Foreign and Domestic: Pigs with Class — and Not

Halfway into the fourth season of Downton Abbey, Erin and I finally have found something in common with those ruined aristocrats: Pigs. Heritage pigs, to be exact.

This week’s episode not only has Jazz infiltrating the Manor but the improbable “pig” word rolling off Countess Grantham’s ultra-refined lips. Yup,  our royal farmers are in the hog-raising business.

If Grantham has his hand in it, you can guess this foray will prove imporkcunious. And wasn’t it surprising that the Granthams would choose the Tamworth breed (the world’s oldest) over the more famous pug-nosed Yorkshire? The Tam, afterall, is the result of a cross with an Irish pig, while the eponymous Yorksire was started in their backyard.

The history of domestic pigs is as fascinating as the animals themselves. Even more interesting is how their wild forebear, the Eurasian Boar, has played a central role in European culture, food, and mythology. This Christmas, Erin gave me “The Golden-Bristled Boar”, a book chronicling its history. (Coincidently, the Paris-based author, Jeffrey Greene, also wrote a book on Bamberger ranch, which explains his frequent references to our Texas-sized wild hog problem.

Just hours before watching the Downton Abbey pig scene, Erin and I had released our latest litter of heritage hogs onto fresh pasture at the river farm. It was, in many ways, a new and long-awaited chapter in our 8-year pig enterprise.

First and foremost, these pigs are a unique hybrid, a genetic mix-up of wild and domestic — the farming equivalent of an inter-racial marriage that was completely unexpected. On Xmas morning 2012, we were greeted with an anonymous gift– a baby wild boar that had found its way across busy Decker Lane and into our pig pens. A victim of suburban sprawl, his turf had been reduced to the scrubby floodplain of Elm Creek. Green Gate offered not only reliable food but the protective services of Spot, our  1000-pound Duroc, who adopted him at first sight.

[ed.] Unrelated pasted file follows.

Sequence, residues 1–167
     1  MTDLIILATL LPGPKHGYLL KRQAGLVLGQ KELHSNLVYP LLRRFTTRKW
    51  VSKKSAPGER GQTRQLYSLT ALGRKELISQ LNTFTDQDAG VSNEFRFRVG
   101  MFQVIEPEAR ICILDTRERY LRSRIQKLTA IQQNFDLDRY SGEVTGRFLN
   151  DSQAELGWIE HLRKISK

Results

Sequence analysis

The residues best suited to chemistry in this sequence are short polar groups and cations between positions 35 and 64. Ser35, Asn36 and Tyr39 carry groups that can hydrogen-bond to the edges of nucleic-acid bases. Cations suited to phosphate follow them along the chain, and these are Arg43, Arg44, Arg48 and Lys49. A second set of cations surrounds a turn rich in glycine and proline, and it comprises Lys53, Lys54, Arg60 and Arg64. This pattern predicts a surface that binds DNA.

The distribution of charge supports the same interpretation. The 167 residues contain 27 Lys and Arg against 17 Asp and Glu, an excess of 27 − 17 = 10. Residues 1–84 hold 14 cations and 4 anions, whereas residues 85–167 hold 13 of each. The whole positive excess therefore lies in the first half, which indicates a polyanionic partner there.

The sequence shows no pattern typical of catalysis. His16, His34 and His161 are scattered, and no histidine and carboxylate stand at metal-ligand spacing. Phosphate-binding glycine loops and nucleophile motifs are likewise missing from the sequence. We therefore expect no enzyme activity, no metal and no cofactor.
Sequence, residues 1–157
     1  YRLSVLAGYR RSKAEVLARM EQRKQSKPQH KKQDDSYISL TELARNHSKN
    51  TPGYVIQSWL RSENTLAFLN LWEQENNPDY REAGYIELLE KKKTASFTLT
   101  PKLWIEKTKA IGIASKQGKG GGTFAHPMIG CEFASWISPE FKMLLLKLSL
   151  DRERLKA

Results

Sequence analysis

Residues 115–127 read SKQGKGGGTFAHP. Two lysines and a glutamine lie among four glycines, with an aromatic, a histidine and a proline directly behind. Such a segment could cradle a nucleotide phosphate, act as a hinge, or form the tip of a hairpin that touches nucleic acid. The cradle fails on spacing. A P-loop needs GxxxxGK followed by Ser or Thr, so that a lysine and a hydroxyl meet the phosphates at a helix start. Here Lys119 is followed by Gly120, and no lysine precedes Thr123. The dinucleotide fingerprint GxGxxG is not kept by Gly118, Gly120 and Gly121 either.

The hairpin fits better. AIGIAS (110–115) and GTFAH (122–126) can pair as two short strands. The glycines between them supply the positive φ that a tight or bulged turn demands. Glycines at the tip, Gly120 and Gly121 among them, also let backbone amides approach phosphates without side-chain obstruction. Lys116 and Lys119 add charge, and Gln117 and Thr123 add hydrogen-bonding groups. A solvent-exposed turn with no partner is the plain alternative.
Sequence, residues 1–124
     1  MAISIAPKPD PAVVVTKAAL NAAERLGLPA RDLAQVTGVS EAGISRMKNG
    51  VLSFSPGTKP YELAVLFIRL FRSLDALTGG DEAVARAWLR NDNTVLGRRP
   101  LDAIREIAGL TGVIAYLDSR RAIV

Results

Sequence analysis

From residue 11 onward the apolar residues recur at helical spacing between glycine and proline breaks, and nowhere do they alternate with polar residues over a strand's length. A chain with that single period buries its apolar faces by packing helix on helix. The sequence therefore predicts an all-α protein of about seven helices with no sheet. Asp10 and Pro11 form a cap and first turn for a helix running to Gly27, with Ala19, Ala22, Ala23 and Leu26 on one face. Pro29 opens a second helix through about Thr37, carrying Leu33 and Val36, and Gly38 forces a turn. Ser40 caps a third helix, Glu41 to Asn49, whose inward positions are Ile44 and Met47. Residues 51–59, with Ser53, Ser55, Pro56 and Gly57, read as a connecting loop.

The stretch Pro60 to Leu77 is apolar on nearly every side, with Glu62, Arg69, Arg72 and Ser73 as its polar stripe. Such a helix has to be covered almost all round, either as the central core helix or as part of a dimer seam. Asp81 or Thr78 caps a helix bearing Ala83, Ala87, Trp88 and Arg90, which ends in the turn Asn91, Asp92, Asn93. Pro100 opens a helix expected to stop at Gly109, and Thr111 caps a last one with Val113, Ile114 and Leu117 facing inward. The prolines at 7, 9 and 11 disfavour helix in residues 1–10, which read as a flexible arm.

Our guest soon had a name as well. Erin called him Ugly because, well, he was at first. The name stuck. With good food and fine company, however, Ugly grew into quite a stud.  Standoffish, hypervigilant, and slightly menacing, he had but one purpose – to expand his gene pool – and he began practicing almost from day one on sows five times his size.

Fast forward three months and we had on hand a lean, mean breeding machine surrounded by a dozen bored sows and their lazy, overweight male partners. Ugly literally ran circles around them — a blitzkreig mounting campaign so swift and incessant it can only be described as acrobatic.

If you’ve never seen the newborns of wild boars, you might think their forebears were chipmunks. They possess identical brown horizontal strips that slowly fade beneath a coarse coat more gray than “gold.” By the time Ugly attacked Erin and sealed his fate, he was the father of nearly 30 offspring.

In less than six months, our uninvited guest had nearly doubled the size of our herd and single-handedly created a hybrid line with increased vigor and, we hope, a uniquely Green Gate taste.  Which made it that much harder to send him to the butcher this winter. Ugly was an orphan whose uptown ambitions brought him in from the wild. Seeing that wildness up close gave us a rare chance to better appreciate the “last ferocious beast in the forest.”

This spring we will be offering the first shares of this new line. In addition to spent grain from Hops and Grain brewery, we are finishing them off on a certified organic cover crop of rye grass, Essex rape, daikon radish and purple top turnips. In pig world, that’s about as upper-class a diet as you can find around here.

Lord Grantham would be envious.


Pigs on Pasture at Green Gate River Farm

Pigs on Pasture at Green Gate River Farm